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Home / Press Release / Human Rights First Partners with Robins Kaplan to Provide Representation to Refugees Detained in California
August 13, 2018

Human Rights First Partners with Robins Kaplan to Provide Representation to Refugees Detained in California

Washington, D.C.—Human Rights First today announced that it will partner with Robins Kaplan to provide free legal representation to refugees detained at Adelanto Detention Facility in Southern California.   

“For decades Human Rights First has provided free legal representation to refugees in the United States who have fled violence and persecution. Over the past year the Trump Administration has engaged in a systemic assault on the asylum system, making our assistance more necessary than ever. We are thrilled to pair our expertise with the help of Robins Kaplan to aid refugees in Southern California who simply wish to live in safety, and instead are languishing in prisons,” said Human Rights First’s Jenna Gilbert. 

The initiative at Adelanto is part of Human Rights First’s Freedom for Detained Refugees Project, in which the organization will: partner with law firms across the country to provide pro bono representation to detained asylum seekers; challenge the Trump Administration’s detention policies in court; and, press Congress to conduct oversight and protect refugee families from incarceration.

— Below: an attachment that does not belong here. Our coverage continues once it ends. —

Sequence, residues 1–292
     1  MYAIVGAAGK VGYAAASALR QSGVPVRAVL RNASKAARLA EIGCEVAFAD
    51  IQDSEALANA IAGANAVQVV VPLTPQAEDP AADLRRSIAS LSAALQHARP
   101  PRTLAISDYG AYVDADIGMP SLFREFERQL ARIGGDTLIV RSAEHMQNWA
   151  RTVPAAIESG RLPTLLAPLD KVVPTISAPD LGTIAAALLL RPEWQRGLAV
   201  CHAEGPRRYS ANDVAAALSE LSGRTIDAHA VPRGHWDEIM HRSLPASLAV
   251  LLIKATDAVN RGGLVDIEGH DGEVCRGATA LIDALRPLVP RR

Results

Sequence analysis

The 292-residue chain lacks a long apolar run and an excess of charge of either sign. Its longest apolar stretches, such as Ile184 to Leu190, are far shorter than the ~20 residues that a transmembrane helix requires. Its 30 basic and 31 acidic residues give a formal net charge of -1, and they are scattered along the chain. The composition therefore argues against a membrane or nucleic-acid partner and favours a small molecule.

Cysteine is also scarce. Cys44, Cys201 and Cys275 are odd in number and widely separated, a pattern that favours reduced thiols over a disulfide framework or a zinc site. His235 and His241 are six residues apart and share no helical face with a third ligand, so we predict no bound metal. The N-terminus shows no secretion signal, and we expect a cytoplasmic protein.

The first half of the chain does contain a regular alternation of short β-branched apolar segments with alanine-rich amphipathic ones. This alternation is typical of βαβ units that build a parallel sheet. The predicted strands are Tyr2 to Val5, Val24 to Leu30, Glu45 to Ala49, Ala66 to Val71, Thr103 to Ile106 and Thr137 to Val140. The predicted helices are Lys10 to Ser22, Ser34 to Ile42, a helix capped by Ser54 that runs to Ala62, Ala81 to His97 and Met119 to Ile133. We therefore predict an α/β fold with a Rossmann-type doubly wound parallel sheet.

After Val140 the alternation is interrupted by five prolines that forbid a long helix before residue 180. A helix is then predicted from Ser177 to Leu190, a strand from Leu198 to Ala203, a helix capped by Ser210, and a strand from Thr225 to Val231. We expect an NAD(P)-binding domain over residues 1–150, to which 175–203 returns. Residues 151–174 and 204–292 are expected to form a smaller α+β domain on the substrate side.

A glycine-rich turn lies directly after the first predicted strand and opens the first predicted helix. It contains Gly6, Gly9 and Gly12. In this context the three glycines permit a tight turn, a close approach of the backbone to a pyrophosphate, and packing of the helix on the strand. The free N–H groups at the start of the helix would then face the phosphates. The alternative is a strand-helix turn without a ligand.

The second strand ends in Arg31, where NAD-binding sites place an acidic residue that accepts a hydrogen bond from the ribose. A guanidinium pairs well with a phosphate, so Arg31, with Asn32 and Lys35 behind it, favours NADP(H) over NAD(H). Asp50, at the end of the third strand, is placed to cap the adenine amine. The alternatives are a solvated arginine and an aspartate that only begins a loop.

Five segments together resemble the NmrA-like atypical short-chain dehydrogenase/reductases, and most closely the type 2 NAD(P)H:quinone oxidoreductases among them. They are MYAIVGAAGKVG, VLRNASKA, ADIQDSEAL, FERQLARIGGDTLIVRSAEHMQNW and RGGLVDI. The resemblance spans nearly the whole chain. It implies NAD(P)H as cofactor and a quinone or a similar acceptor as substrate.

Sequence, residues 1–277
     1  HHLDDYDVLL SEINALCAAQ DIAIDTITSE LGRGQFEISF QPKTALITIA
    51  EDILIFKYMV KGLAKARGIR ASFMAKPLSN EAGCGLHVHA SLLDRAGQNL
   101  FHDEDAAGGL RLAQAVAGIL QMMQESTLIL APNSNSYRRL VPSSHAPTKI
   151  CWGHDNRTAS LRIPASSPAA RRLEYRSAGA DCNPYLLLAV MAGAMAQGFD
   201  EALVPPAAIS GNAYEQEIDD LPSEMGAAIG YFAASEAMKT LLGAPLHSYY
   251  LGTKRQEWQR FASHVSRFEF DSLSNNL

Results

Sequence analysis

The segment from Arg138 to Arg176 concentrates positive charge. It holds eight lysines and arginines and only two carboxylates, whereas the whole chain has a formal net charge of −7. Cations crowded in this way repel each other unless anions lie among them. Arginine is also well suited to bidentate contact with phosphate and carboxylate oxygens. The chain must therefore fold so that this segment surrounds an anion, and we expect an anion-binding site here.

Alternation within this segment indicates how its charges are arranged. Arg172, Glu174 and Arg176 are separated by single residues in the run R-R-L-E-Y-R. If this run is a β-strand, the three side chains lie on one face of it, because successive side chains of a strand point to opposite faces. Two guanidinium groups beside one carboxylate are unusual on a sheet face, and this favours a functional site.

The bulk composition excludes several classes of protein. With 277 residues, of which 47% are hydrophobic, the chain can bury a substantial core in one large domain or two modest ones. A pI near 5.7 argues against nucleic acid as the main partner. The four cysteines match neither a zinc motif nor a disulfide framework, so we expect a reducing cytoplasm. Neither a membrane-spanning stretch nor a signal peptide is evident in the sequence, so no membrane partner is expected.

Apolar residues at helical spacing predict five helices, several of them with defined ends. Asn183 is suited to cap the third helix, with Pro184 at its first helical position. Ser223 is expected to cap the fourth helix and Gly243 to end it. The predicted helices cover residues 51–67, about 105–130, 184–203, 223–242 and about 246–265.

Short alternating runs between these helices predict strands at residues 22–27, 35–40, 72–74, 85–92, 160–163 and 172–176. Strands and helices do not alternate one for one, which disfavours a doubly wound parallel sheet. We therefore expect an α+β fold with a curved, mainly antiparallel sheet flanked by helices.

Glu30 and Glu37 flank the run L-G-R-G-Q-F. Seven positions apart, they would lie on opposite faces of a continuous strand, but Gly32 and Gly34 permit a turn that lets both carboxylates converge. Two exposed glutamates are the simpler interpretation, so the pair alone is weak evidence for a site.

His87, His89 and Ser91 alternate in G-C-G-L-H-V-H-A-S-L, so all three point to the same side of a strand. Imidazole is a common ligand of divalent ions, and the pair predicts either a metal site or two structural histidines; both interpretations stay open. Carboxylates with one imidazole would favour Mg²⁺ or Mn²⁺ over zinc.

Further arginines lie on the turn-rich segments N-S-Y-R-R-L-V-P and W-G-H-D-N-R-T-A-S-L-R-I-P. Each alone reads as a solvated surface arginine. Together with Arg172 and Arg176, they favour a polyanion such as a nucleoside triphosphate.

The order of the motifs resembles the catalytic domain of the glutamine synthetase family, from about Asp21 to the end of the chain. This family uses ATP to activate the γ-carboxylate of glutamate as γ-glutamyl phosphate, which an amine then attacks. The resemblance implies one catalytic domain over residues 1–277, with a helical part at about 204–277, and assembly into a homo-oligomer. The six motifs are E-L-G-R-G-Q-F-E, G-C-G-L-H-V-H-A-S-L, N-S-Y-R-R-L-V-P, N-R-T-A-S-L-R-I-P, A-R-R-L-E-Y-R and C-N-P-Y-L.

“Robins Kaplan is committed to leveling the playing field for those who lack access to justice,” said Logan Drew, Robins Kaplan’s Pro Bono Chair. “Navigating the legal system shouldn’t be a barrier to those fleeing violence in their home countries. It is an honor for our firm to work alongside Human Rights First to provide pro bono support and assistance for these detained refugees.”

The Adelanto Detention Facility is one of the largest adult immigration detention centers in the country and can house nearly 2000 men and women, some of whom have been separated from their children. It is run by GEO, a private prison company that receives a fee of up to $112 a day from the government to detain an individual.

Human Rights First notes that detention of asylum seekers is wholly unnecessary to promote court appearance rates. The organization’s reporting shows that immigrants appear for their immigration court hearings at high rates, particularly when they have legal representation, case management support, and accurate information related to the court process. Families and children with legal counsel are in compliance nearly one hundred percent of the time. Data shows, for example, that 98 percent of children in immigration proceedings whose cases initiated in 2014 and who had obtained counsel were in full compliance with their court appearance obligations as of December 2017.

For more information or to speak with Gilbert or Drew contact Corinne Duffy at DuffyC@humanrightsfirst.org or 202-370-3319.